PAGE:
Monday, January 27, 2020

The spider heist by Jason Kasper

Blair is minding her own business, desperately trying to hold onto her third waitressing job, when a mysterious man offers her a job.  When she is unceremoniously fired from her job, Blair is left with little choice but to discover what he wants.  Her mystery man, with the mysterious job offer, turns out to be Sterling - and his offer really is too good to be true.  He has a buddy who needs some help to get his dating mojo back, and all Blair has to do is hang out with him at the bar and get him to loosen up - though she will get a bonus if she can get him to take her home.  It seems like a sweet deal, but when Blair manages to wrangle an invite back to his place she finds herself dragged into a very messy situation - messy for her, but also for the group of men who take her and her 'date' hostage.

Blair is not an ordinary waitress, she is a former FBI agent who left the Bureau under a cloud and after several months in prison.  Her skill set and training make her a terrible hostage for her would-be captors find that out the hard way, but they are determined to carry out their plan even with a trouble making Blair in tow.  When Blair is identified from footage taken at the bank, it causes a massive headache for the heist crew and for Blair, because now their carefully laid plans are slowly unravelling.  Blair knows that something isn't right with the heist crew and the way they are working, but can she figure out what is happening before her world implodes?  And will the heist crew be able to pull off their great escape, or will Blair and the intense FBI scrutiny about her being their lead to the downfall of the entire mission?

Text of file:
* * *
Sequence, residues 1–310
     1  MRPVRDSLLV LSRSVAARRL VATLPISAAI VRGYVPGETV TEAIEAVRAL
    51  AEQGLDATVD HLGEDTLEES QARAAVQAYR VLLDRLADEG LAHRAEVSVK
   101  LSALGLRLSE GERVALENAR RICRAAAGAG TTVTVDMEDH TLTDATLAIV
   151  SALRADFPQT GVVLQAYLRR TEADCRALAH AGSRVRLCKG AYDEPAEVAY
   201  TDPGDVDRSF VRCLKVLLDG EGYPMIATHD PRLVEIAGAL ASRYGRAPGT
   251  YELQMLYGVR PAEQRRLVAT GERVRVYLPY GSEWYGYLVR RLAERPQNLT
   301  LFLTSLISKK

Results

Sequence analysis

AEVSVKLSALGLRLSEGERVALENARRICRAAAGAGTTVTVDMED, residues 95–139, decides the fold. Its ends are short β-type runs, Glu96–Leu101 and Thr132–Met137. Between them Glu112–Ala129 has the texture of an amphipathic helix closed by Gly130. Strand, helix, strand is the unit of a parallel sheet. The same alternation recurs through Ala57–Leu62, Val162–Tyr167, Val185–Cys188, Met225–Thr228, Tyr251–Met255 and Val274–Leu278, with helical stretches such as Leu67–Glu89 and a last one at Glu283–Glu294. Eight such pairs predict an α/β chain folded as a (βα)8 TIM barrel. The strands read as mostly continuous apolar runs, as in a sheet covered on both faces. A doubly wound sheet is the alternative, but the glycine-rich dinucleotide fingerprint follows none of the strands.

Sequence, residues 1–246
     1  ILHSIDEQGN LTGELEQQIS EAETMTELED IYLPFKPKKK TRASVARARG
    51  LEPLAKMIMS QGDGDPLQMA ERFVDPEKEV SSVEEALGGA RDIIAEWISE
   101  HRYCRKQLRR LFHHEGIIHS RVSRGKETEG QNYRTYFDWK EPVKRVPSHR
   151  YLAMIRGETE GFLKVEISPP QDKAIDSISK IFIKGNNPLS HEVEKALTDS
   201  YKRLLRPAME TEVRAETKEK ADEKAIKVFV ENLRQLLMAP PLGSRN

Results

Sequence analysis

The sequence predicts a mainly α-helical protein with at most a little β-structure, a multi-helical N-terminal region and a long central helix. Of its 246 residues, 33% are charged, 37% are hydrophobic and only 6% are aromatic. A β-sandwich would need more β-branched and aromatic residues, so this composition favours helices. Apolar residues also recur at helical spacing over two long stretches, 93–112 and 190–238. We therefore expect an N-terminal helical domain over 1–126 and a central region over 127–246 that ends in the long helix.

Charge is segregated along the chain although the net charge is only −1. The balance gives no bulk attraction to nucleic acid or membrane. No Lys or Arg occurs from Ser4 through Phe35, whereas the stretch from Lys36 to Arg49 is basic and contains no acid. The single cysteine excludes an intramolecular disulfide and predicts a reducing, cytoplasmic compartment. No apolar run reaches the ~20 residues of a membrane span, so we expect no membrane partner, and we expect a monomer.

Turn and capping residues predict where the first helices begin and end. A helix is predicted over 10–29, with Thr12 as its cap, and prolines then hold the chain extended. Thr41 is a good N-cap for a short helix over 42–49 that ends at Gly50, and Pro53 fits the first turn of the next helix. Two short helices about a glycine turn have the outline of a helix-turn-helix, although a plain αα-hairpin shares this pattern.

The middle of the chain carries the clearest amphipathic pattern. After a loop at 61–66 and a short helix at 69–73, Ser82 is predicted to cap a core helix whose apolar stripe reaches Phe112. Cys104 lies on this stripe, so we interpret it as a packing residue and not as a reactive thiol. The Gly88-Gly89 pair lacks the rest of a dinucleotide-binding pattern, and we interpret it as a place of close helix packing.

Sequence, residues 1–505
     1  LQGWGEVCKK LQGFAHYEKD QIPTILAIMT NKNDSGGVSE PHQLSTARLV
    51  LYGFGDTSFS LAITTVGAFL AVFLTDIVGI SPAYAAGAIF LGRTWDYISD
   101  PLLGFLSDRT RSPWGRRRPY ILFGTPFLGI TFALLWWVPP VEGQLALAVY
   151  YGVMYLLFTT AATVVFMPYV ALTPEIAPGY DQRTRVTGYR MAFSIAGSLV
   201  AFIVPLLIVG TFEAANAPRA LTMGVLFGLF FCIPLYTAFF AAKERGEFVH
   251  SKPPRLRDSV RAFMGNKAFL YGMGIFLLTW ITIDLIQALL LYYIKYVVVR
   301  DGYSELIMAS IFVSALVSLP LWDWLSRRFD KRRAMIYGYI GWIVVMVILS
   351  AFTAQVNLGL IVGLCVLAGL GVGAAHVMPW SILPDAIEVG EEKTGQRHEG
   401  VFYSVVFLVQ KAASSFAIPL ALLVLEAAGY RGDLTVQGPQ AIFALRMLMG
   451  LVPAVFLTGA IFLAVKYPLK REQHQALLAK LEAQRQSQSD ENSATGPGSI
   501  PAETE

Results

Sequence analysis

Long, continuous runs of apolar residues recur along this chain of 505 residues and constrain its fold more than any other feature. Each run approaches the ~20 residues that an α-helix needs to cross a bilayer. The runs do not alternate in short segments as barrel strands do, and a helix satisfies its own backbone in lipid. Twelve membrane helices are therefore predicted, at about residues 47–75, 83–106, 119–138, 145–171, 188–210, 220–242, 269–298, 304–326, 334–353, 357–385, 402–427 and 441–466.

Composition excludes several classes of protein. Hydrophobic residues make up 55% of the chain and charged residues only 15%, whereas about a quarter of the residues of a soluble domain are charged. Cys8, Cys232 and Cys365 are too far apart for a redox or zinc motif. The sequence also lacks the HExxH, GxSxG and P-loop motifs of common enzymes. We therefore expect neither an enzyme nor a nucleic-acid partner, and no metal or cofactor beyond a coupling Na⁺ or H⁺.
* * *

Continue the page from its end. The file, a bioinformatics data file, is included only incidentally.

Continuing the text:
I picked up The spider heist because it was on a new books list and couldn't resist giving it a try after reading the blurb.  I read a lot of crime, thriller, and action books and I have a definite preference for books that are punchy and fast paced, without a lot of excess description to drag the story down.  Picking up the book to read the first few chapters and see what it was like turned into sitting still for a few hours and reading the book in one session because I didn't want to put it down.  Told from the different perspectives of (mainly) Blair and Sterling, the story unfolds with neither side being fully aware of what is happening with the other person, which adds some nice tension and a chance to understand the characters and story rather than having information rammed down your throat.  The other main characters add depth to the story, as well as providing opportunities for the story to grow and be more than a two dimensional cliché (which so many action/crime/thrillers can so easily become).  

A great read, and hopefully the next book in the series - The sky thieves - will be just as good!

If you like this book then try:

Reviewed by Brilla

Friday, January 24, 2020

Lost by James Patterson and James O. Born